In the second stage, you as the Copy Editor, look at the sentence by sentence development of story. The task involves maintaining a consistent tone, voice and focus already established by the Structural Editor. You then continue with doing any necessary rewriting of text to better communicate or clarify the point; and correcting grammar and punctuation along the way. 

Having said that, your primary focus is on the following 4 levels of intervention:

Text as Correct: Correcting mistakes in the text is the most minimal level of intervention. This involves dealing with clear (if often quite technical and not always obvious) errors. This requires the editor to have a high level of knowledge and skill, but it doesn’t involve much (if any) judgement on the part of the editor.

Text as Clear: Clarifying the meaning of the text involves more subtle interventions, such as nuances of punctuation, as well as larger interventions such as restructuring and/or rewording sentences. This involves greater editorial judgement than just “correcting” because the editor must move from the text as written to consider the author’s (you) intended meaning. Sometimes, the editor can be justifiably confident of the author’s intended meaning, but at other times, it’s necessary to query the author directly.

Text as Readable: Ensuring the text is readable goes a little further than ensuring that the text says what the author (you) means. It includes making sure that your reader can grasp that meaning without difficulty (the content may be inherently complex, but the expression should not compound this difficulty). As well as using judgment about the author’s intended meaning, you, the copy editor, need to be sensitive to the reader’s ability to comprehend it.

Text as Effective: An effective sentence brings an idea or image into clearer focus by adding useful details and numbers. Further editing might be justified to ensure that. This requires the editor to consider the author’s (you) broad intention (inform? entertain? educate? persuade?) as well as precision in meaning and expression of an idea or image. The editor must think about how and why the reader is reading. It is necessary to be proactive — you need to imagine and anticipate the reader’s response to each and every sentence.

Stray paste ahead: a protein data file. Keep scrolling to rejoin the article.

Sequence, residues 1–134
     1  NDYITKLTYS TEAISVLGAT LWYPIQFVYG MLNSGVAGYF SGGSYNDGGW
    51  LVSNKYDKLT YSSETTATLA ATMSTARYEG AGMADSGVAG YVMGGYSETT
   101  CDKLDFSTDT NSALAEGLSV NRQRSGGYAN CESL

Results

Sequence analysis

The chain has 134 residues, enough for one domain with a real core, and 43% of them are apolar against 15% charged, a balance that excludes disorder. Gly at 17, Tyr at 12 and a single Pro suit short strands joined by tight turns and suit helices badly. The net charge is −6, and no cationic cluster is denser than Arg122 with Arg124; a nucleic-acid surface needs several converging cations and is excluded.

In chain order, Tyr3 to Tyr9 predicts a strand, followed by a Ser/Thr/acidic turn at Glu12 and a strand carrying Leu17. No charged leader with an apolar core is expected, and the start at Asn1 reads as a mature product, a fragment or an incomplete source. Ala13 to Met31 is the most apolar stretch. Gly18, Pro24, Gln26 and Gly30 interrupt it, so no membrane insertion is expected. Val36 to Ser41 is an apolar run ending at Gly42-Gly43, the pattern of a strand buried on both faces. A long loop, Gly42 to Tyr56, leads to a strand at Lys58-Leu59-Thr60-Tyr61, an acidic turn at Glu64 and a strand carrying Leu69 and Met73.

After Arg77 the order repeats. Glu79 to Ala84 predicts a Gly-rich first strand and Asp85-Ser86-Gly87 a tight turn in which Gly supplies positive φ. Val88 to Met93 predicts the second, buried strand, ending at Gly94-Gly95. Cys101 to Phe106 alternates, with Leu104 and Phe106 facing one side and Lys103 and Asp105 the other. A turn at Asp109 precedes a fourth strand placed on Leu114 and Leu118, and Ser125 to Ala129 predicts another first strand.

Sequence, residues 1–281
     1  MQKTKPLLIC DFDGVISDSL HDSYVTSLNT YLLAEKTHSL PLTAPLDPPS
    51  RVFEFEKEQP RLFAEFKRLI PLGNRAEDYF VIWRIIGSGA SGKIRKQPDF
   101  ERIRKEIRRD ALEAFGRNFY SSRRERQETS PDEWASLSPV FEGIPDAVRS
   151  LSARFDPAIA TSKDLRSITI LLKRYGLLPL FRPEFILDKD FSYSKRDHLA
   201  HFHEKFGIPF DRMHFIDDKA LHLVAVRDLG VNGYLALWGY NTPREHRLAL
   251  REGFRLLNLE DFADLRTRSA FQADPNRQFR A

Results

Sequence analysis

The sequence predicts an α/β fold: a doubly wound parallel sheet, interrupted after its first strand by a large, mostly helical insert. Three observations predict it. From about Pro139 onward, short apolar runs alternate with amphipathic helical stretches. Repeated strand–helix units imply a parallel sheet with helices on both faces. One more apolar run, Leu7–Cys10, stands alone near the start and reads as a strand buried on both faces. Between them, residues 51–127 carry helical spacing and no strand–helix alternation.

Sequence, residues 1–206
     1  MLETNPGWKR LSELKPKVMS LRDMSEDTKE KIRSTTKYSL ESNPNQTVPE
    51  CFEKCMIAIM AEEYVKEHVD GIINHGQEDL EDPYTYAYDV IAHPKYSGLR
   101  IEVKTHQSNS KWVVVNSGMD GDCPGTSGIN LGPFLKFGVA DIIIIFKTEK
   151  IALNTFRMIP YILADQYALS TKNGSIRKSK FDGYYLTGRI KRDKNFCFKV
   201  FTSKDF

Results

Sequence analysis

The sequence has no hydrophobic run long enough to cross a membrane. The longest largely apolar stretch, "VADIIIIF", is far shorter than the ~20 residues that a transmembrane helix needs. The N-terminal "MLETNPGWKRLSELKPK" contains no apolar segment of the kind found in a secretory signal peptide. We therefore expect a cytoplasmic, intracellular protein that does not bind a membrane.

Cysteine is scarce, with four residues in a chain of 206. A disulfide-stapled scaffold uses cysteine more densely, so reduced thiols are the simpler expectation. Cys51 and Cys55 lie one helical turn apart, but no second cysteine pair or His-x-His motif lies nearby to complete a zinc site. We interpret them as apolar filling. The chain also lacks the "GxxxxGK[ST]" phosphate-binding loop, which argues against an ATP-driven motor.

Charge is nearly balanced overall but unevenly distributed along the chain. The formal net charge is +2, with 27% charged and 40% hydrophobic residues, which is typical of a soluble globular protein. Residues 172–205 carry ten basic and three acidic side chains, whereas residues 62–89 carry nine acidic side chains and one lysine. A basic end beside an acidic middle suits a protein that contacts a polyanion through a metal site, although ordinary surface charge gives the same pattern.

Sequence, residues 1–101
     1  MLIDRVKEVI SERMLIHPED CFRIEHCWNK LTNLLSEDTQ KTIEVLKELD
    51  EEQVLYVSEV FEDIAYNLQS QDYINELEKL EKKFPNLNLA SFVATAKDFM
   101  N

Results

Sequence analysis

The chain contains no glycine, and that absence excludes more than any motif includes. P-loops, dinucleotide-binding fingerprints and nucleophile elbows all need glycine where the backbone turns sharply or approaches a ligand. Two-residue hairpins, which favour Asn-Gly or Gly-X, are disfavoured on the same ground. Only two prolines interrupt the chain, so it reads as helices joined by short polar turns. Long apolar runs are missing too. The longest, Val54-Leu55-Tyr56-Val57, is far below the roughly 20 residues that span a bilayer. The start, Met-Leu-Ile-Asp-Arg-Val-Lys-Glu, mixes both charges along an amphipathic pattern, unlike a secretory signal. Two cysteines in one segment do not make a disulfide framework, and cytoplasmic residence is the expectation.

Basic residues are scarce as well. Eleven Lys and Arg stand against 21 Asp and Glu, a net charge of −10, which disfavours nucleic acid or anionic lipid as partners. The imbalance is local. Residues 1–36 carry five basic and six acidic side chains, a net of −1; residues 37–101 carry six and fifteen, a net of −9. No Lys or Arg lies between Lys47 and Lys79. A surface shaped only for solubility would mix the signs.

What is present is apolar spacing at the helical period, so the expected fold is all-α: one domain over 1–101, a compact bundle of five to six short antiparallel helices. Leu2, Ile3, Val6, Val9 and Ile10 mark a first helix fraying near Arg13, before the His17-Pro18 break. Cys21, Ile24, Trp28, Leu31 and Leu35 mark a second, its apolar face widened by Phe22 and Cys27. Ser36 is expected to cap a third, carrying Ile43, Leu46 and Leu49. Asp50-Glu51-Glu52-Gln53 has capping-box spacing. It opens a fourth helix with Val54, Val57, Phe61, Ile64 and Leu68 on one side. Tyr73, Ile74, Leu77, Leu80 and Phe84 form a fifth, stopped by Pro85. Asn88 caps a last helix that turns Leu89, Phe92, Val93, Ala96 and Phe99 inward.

Once every single sentence has been reviewed, revised and rewritten, you can take a nice long break before doing the next stage: proofreading. You need to get enough distance from your work to see itwith fresh eyes.   

THE COPYWRITER AS PROOFREADER

Now that the pre-release draft is done, enter the Proofreader. This is where you tidy up and fix remaining errors missed by the Copy Editor. And of course the Copy Editor will miss grammatical errors because their focus is on clarity, readability and effectiveness above all else.

Depending on the length of the project, you will need to read the document several times to catch all the errors. 

Here are a few essential tips for fail-safe proofreading:

  • Leave adequate time between writing and proofreading
  • Read the document backwards so you can focus on the spelling of words
  • Check for one type of error at a time
  • Take lots of breaks so you don’t lose concentration
  • Use a ruler to check line by line
  • Proofread several time to catch anything you missed 
  • Read slowly so you don’t skip over words
  • Keep a list of common errors to look out for
  • Always check the headings and sub-headings
 
Having said all that, there’s always one error that gets away. But the fewer words there are in a project, the less of an excuse it is for the four of you.
Meanwhile, my online copywriting course’s latest timetable is up and running and ready to take your booking now. It’s one copywriting course that makes you a great copywriter and a reliable editor. For the full Structural & Copy Editing course, CAE is where you will find me teaching you.